I named this new institute the Giordano Bruno Institute because I’m inspired by a man who, in 1590, proposed that 1) the earth is round, 2) it revolves around the sun, 3) the sun is just another star, and 4) the universe is infinite and has no “center.” For writing those words, he was the last man burned at the stake by the Roman Inquisition. After his death, there was simply too much evidence that he was right. The church ended the Inquisition, paving the way for Galileo to popularize these concepts. He is, philosophically speaking, the patron saint of science and reason.

The institute will address three big and very related problems:

Problem 1: Education

Education is broken. We have inherited an educational system designed to produce obedient factory workers in the 19th century. It fossilized and today burdens society by teaching people facts, testing them, and giving them grades. They spend years studying text books and go into debt for more than a decade just to have a piece of paper that signals something to employers that is increasingly irrelevant. Employers are half the problem. This book lays out the argument:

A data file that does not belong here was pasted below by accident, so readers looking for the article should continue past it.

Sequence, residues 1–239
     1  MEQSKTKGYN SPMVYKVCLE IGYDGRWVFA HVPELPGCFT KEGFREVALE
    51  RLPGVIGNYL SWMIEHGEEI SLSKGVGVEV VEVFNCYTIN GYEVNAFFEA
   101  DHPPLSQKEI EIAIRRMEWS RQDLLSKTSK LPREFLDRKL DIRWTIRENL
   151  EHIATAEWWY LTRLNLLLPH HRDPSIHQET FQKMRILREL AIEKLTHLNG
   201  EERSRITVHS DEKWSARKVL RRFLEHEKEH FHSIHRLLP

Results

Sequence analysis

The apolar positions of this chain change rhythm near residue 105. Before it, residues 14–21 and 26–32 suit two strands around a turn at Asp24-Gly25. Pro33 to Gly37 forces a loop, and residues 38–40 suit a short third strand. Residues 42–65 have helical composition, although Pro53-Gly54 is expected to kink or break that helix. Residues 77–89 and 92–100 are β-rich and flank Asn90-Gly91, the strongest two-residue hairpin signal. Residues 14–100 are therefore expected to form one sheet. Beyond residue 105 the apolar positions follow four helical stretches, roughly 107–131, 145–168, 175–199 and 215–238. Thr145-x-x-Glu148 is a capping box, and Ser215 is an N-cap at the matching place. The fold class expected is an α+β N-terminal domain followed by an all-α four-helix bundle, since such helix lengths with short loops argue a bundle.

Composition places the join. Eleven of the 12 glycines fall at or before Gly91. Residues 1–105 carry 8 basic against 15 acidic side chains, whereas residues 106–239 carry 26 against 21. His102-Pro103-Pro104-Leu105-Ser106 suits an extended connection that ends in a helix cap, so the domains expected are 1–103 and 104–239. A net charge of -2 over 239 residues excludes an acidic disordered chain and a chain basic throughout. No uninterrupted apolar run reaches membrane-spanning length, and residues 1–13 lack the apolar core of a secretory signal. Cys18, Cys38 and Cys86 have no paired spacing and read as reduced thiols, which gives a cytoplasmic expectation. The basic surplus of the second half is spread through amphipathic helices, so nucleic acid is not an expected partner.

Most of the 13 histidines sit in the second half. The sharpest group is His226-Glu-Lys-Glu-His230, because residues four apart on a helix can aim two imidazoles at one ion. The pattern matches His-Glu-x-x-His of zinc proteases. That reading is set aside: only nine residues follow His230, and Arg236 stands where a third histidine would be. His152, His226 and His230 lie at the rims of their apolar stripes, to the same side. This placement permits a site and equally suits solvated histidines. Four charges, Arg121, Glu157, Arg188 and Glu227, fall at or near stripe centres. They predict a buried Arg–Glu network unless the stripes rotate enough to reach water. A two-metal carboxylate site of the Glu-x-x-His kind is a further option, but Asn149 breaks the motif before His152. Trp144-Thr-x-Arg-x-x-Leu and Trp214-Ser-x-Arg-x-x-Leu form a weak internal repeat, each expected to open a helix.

We shouldn’t try to fix education. We should replace it with lifelong work and learning that will help people as they work 10–20 years longer than we do today.

Problem 2: Institutions

It’s not just education. We are failing at the basics. This is what young people like Julia face as they enter the job market:

Problem 3: Privacy and Personal Data

Big Tech is an increasing presence in our lives. We benefit, but at a price. This long infographic shows what each large company knows about you. It’s called surveillance capitalism. Here are the key points:

Today’s legal and financial playing fields are skewed toward large, monopolistic companies that harvest our data and use it against us. The machine economy has already started. We can’t prevent it, but we can control it for our benefit, rather than for the benefit of the shareholders of a few giant companies.

It Starts with a Book

I have written five books. My first book continues to be’s longest-running #1 bestseller. I’d like to write a big book featuring nine Millennials around the world, each of them representing one billion people who will inhabit earth in the year 2050. It’s based on nine fundamental drivers of change. Here is a mock-up of the cover: